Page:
The Economics of COVID-19: Student’s Internship Leads to Published Work | St. Lawrence University

The Economics of COVID-19: Student’s Internship Leads to Published Work

As the COVID-19 pandemic continued through the summer of 2020 and people yearned for insight into the short- and long-term effects it might have on their lives, Emily Green ’21 researched and wrote articles for her internship that could help.

Emily, who is pursuing a combined major in international economics and Spanish, as well as a major in government at St. Lawrence, spent her summer working for the Federal Reserve Bank of Richmond, where she was able to connect the dots between the economic theory she learned in her classes at St. Lawrence and what was happening around the world in the midst of the pandemic. Her first of two published articles for Econ Focus, a quarterly publication that covers economics issues affecting the Fifth Federal Reserve District and the nation, highlighted recent economic research on the midlife effects of graduating into a recession and was published in the magazine’s Second/Third Quarter 2020 issue.

“I was interested in that topic because of its relevance to our current situation,” she says. “Most people my age will be graduating into economic conditions that aren’t optimal, and the results of the study show that this will continue to affect us through midlife and likely beyond. When I thought about something a reader of the Econ Focus magazine might be interested in, the midlife impacts of graduating into a recession seemed very pertinent.”

Her second article, which is to be published later in 2020, will focus on research about meat supply chains, a topic she became familiar with at the beginning of the COVID-19 pandemic.

“I witnessed the meat shortages at the grocery store and was interested in the economic explanations behind them,” she says. “As I explored the topic, it became clear to me that many of the concepts from my economics courses about tradeoffs, concentration, efficiency, and consumer choice were embedded into the issues with our meat supply chains in the U.S.”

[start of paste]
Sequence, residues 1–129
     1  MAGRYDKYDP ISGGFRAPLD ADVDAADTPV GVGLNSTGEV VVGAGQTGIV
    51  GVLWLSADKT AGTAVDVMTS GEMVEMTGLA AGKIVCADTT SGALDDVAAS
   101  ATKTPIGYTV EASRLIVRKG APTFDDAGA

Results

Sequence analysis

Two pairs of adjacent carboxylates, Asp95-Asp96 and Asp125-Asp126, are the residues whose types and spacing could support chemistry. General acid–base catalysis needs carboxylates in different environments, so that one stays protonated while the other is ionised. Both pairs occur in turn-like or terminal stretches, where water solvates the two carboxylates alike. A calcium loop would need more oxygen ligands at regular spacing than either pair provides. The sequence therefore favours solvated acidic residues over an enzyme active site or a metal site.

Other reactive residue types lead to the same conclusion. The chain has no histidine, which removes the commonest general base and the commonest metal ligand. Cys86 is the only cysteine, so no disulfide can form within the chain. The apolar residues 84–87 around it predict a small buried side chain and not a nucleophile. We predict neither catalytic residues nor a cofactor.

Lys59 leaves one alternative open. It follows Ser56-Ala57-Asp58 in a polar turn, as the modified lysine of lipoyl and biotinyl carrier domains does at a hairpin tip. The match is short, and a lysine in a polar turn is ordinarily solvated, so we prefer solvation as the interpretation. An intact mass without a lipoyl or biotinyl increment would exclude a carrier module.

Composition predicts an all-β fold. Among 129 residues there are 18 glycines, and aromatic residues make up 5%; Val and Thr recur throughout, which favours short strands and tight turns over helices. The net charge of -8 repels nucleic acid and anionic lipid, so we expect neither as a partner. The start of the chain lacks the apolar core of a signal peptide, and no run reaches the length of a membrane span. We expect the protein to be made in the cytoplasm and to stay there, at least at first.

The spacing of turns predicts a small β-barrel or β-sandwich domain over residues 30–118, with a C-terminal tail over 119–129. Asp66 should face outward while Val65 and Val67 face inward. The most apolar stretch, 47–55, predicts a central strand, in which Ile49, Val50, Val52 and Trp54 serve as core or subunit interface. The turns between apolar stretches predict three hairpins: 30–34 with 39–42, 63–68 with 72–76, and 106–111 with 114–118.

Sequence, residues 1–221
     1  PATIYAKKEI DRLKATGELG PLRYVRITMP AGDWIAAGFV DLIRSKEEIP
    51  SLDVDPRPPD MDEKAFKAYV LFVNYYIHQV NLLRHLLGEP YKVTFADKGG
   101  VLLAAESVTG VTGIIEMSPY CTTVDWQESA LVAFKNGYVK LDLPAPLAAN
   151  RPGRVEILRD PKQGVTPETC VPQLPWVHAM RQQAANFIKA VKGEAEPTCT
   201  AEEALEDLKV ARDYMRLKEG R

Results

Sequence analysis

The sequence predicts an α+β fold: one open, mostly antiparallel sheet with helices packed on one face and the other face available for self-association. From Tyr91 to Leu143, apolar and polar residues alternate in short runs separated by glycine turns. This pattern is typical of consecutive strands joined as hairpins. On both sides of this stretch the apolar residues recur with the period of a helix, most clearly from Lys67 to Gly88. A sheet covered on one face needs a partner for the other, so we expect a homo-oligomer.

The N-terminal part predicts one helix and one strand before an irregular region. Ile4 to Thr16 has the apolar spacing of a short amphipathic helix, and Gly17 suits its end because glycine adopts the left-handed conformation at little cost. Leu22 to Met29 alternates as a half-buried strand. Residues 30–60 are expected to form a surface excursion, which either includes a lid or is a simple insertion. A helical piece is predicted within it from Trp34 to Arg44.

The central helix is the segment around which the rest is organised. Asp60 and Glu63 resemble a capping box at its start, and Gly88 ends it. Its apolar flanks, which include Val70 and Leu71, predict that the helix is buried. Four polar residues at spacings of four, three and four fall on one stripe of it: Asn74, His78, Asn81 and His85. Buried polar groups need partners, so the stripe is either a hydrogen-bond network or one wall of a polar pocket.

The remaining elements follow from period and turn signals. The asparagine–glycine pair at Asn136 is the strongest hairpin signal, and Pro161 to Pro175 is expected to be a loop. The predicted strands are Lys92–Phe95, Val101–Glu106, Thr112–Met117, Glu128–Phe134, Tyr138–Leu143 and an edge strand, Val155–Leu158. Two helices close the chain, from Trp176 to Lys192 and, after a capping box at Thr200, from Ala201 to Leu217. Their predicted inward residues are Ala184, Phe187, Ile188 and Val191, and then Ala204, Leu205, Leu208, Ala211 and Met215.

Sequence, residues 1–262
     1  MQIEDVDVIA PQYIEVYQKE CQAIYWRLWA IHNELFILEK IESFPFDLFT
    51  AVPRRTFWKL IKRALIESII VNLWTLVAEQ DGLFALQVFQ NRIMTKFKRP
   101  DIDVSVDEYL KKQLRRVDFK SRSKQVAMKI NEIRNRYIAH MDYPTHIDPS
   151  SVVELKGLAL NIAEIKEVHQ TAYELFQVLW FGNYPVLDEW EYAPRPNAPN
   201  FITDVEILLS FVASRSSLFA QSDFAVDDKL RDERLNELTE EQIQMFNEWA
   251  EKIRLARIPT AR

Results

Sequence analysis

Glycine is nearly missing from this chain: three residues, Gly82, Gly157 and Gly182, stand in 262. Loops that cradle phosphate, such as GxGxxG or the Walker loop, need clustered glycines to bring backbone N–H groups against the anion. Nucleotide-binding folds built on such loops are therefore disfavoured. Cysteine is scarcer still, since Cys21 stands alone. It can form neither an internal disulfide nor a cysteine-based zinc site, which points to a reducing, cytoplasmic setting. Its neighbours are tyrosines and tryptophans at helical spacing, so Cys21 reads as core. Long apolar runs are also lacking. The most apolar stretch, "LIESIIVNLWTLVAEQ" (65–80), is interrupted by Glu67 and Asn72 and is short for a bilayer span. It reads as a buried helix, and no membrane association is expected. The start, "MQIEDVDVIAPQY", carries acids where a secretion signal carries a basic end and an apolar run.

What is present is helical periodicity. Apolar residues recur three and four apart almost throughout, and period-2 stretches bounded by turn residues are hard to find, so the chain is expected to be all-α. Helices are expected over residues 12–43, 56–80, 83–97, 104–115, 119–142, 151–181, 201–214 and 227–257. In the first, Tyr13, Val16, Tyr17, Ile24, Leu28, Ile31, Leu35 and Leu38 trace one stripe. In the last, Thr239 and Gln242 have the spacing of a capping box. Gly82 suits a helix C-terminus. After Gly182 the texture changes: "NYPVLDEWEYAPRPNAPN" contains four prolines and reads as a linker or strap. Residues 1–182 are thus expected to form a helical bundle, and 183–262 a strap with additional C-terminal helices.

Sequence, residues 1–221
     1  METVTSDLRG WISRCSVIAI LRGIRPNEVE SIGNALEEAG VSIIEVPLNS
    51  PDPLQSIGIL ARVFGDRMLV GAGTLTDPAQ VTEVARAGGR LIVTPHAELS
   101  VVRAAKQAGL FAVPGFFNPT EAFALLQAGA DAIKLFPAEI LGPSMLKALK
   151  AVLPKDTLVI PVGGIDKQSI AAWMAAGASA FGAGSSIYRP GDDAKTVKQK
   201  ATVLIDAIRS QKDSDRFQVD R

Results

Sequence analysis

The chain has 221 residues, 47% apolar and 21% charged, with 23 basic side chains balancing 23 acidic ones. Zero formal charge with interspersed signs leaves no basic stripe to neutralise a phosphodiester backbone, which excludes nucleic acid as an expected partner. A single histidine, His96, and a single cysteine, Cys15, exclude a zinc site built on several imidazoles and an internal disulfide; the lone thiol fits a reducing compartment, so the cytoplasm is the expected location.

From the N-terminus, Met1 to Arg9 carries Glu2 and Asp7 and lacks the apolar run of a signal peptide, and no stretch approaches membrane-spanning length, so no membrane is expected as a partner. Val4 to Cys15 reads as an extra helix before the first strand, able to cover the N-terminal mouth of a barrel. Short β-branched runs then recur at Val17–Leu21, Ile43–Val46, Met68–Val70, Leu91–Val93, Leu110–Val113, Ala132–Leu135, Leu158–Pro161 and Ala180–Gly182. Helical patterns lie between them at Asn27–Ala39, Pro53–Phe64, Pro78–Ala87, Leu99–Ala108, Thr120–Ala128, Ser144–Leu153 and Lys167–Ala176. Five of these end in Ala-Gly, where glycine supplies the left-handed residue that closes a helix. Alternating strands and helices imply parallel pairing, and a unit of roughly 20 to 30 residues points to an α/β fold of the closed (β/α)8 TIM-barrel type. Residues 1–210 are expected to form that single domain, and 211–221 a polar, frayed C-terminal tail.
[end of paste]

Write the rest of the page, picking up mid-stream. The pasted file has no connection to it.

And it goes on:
Because of her boundless curiosity and her academic interests, Emily’s mentors—Charles A. Dana Professor of Economics Cynthia Bansak, A. Barton Hepburn Associate Professor of Economics Brian Chezum, and Lynn Smith Fox, spouse of President William L. Fox ’75 and former senior official of the Federal Reserve Board of Governors— encouraged her to apply for a summer internship with one of the Federal Reserve banks. She was selected for a completely virtual opportunity with the Richmond Fed working with their Research Publications team and writing articles for their magazine.

“I had to take my experience writing academic research papers and completely readjust my writing to fit the expectations for the magazine articles,” she says. “Learning how to adjust my research and writing to my work environment was one of the biggest challenges of my summer, but also one of the most valuable ones.”

In addition to having her work published, Emily enjoyed many takeaways from her internship. Besides the “amazing culture of the Richmond Fed” that she said made her want to go above and beyond every day, she learned more about how to be resilient and adaptable to changing circumstances.

“The virtual internship wasn’t without its challenges,” she explains. “I had to deal with technical difficulties and ‘Zoom fatigue.’ I had to learn how to network and build relationships with my co-workers remotely. And most importantly, I learned that in the workplace, especially a virtual one, you have to be willing to ask for help and to reach out to others. Being proactive about these things and really communicating with my coworkers and bosses was truly the key to meeting expectations for my work, building strong relationships, and making the experience enjoyable.”